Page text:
These rural people are getting all excited and writing articles in their local papers about how wonderful this broadband access will be, but has anyone told them that they will have to pay a fortune for it and that it will take years for all of this to happen? Do they know that this 7.6 billion dollars from the government won’t even cover half of the necessary expenses? You won’t read that in the news!
Some of these stimulus funds will be used to take more surveys and create awareness about broadband (wow…). These digital communications companies are asking for grants to make maps of the greatest need for broadband (more surveys), and submit plans of actions, etc., etc., etc.
People. Isn’t there a better way? There’s enough surveying and reports and grant requests and more surveys to keep us busy for the next two years! And with every “act” and “program” the government establishes, that billion dollar budget is looking smaller and smaller. Don’t hold your breath people. Nobody’s going to be digging any holes, setting up any towers, or doing any other real work towards spreading broadband for a long time.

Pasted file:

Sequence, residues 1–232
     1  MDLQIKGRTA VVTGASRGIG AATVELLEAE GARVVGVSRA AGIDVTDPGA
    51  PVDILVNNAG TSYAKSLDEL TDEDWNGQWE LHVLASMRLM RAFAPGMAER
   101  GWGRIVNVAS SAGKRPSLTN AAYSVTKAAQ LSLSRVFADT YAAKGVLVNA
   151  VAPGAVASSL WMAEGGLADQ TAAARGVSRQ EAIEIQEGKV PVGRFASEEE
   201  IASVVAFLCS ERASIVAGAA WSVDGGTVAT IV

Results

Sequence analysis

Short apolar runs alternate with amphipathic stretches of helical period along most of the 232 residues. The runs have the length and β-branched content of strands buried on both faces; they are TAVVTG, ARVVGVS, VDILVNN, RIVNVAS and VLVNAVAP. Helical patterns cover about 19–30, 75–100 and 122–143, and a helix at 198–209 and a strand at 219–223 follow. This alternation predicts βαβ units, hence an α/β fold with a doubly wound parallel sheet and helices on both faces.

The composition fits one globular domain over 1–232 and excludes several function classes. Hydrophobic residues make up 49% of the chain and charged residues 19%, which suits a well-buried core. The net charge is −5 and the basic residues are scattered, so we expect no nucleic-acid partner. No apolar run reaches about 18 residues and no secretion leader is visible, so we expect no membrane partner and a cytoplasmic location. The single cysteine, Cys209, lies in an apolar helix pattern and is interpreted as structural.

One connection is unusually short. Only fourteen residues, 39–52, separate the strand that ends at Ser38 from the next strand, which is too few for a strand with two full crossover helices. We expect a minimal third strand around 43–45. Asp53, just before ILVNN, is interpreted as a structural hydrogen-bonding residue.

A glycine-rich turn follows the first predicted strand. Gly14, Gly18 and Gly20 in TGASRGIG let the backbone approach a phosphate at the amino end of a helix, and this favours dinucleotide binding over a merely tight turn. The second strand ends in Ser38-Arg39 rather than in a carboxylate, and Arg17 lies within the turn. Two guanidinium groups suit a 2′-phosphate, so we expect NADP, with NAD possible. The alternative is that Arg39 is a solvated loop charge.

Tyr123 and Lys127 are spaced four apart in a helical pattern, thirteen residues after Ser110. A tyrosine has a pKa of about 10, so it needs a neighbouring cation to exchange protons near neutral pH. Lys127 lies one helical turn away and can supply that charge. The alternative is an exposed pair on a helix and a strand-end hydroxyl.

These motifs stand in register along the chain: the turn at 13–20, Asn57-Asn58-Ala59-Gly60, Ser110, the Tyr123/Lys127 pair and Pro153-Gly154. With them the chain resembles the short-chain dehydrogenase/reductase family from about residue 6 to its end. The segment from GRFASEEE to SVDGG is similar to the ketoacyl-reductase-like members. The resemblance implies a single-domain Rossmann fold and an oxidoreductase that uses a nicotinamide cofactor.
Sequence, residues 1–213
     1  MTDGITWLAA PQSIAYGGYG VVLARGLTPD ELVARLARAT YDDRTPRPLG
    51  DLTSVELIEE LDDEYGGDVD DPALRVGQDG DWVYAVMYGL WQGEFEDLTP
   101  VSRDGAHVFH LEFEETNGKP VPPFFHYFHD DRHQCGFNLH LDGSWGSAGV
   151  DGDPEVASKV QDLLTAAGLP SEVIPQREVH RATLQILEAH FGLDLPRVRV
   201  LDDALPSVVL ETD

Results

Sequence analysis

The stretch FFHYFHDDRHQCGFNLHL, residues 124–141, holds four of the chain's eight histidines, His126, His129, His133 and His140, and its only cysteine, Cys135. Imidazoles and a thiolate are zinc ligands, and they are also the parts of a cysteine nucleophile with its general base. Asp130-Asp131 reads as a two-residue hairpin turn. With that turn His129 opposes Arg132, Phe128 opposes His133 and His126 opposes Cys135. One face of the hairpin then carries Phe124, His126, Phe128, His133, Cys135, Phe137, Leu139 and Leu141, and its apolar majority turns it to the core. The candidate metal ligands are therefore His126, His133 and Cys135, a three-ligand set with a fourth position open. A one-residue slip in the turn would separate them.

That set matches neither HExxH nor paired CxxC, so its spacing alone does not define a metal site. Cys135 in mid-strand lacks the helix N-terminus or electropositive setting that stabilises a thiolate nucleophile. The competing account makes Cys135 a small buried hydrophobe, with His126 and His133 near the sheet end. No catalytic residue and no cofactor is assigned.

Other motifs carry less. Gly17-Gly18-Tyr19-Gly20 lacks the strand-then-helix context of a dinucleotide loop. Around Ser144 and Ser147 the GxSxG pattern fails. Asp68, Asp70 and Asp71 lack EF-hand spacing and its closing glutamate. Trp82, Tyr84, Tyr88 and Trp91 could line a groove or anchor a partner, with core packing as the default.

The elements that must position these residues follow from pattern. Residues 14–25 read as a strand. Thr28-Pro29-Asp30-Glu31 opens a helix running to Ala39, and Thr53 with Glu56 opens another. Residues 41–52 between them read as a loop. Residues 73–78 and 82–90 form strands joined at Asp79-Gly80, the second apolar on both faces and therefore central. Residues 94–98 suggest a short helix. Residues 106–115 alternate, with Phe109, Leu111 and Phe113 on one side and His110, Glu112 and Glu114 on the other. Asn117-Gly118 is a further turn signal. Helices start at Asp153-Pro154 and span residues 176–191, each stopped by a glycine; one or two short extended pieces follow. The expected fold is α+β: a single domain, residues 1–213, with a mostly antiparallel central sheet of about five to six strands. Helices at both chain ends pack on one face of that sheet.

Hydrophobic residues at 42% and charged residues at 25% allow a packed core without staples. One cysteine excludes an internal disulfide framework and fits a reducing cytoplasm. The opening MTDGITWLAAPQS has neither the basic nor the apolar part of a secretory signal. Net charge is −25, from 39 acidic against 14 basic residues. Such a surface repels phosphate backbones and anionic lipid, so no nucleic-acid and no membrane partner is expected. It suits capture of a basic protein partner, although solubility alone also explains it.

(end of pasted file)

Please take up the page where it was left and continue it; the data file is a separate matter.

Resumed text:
If you heard about the government stimulus package that plans to spend over 7 billion to get broadband in rural areas, don’t get too excited. This is the government we’re talking about afterall.
Here’s a few things we need to keep in mind.
- The current halt on afforable broadband service to rural areas is due to lack of interest for companies and for customers. Basically, it costs way too much money to get broadband way out to the boonies when not everyone wants to pay for it even if they did!